“Multitasking” is one of those concepts that came down to us from computer science (along with “parallel processing”, cognitive science, etc). It’s funny to think that we wouldn’t even be thinking about multitasking etc if digital technology didn’t exist. B

    • skagedal
      Posted August 17, 2010 at 9:42 pm | Permalink

      Romeo Vitelli – Of course we would. We just wouldn’t call it multitasking.

  7. eduardo
    Posted August 16, 2010 at 10:51 pm | Permalink

    Plus it’s almost 3,000 words long!

  8. Dan
    Posted August 17, 2010 at 1:45 am | Permalink

    This morning Steven Yantis and Paul Atchley were on the Takeaway, on NPR and compared the mind state during multi-tasking to schizophrenia..

  9. Posted August 25, 2010 at 12:50 am | Permalink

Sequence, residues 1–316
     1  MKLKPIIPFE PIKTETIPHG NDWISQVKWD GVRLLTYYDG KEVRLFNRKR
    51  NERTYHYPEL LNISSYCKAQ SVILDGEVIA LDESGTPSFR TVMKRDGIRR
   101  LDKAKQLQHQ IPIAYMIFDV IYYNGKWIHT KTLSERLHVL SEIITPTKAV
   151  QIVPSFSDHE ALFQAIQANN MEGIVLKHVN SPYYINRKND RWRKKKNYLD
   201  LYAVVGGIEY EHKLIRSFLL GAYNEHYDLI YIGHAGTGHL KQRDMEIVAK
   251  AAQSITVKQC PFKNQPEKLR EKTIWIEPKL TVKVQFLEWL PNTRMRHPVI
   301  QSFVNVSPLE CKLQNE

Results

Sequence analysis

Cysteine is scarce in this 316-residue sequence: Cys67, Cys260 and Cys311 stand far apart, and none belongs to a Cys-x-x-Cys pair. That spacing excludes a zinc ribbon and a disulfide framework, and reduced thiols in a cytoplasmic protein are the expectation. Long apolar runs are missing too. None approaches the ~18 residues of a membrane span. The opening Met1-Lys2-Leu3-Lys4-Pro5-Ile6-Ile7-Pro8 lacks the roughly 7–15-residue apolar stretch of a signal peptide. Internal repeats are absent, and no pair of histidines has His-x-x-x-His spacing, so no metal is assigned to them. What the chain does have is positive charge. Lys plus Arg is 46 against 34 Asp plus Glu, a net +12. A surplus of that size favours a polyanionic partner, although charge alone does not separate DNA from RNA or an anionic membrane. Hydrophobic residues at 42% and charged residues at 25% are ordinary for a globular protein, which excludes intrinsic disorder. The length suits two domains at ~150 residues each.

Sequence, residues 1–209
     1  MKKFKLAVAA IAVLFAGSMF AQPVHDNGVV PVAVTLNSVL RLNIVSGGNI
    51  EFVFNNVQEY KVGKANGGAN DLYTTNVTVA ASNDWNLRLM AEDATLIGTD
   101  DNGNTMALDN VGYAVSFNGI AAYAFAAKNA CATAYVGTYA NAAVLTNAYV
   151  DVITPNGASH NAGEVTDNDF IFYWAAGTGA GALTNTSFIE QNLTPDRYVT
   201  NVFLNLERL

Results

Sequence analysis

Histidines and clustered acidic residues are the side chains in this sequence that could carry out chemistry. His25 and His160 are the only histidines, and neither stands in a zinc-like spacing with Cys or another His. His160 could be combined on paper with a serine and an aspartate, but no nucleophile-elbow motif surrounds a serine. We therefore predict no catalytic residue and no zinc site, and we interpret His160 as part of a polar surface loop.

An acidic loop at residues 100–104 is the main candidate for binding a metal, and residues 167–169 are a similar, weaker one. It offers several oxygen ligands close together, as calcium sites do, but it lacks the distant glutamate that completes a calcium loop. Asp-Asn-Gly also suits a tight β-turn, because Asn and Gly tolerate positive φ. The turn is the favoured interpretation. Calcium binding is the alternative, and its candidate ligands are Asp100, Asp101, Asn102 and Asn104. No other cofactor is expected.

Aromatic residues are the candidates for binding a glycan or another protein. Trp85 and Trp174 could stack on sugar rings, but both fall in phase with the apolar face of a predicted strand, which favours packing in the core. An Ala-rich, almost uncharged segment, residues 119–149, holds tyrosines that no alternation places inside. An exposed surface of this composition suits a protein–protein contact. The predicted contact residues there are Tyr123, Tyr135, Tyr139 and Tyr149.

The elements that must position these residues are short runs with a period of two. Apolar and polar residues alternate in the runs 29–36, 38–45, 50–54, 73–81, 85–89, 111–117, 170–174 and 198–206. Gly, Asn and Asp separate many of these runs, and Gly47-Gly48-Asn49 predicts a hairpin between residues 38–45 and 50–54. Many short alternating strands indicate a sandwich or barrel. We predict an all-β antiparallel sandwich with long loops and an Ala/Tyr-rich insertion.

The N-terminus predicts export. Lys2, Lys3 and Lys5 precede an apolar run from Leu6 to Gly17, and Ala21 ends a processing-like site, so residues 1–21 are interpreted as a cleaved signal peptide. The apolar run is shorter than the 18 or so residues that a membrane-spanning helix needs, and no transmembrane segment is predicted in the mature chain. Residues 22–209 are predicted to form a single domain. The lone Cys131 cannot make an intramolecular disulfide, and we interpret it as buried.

The article is not that odd if you consider lay people’s stereotypes of scientists.

    Lay people do not have the background to understand research methodology or scientific terminology, and just take the scientist’s simplified conclusions at face value. Scientists are seen as sages, and most people focus more on the scientist’s social prestige than on details of a specific research project, which are opaque to them.

    Also, lay people don’t see scientists as normal people, so when scientists go rafting, lay people find it strange and interesting. Again, lay people focus more on the scientist’s scientist-identity than on objects of study, so scientists saying stuff while rafting is equivalent to scientists saying stuff when doing actual research.


One Trackback/Pingback

  1. [...] the best argument against upstream science journalism: that it’d would be boring. Maybe that scientists go rafting feature was a bit dull. But people write dull pieces based on research papers all the time. If a [...]

Post a Comment

Required fields are marked *
*
*

Follow

Get every new post delivered to your Inbox.

Join 22,519 other followers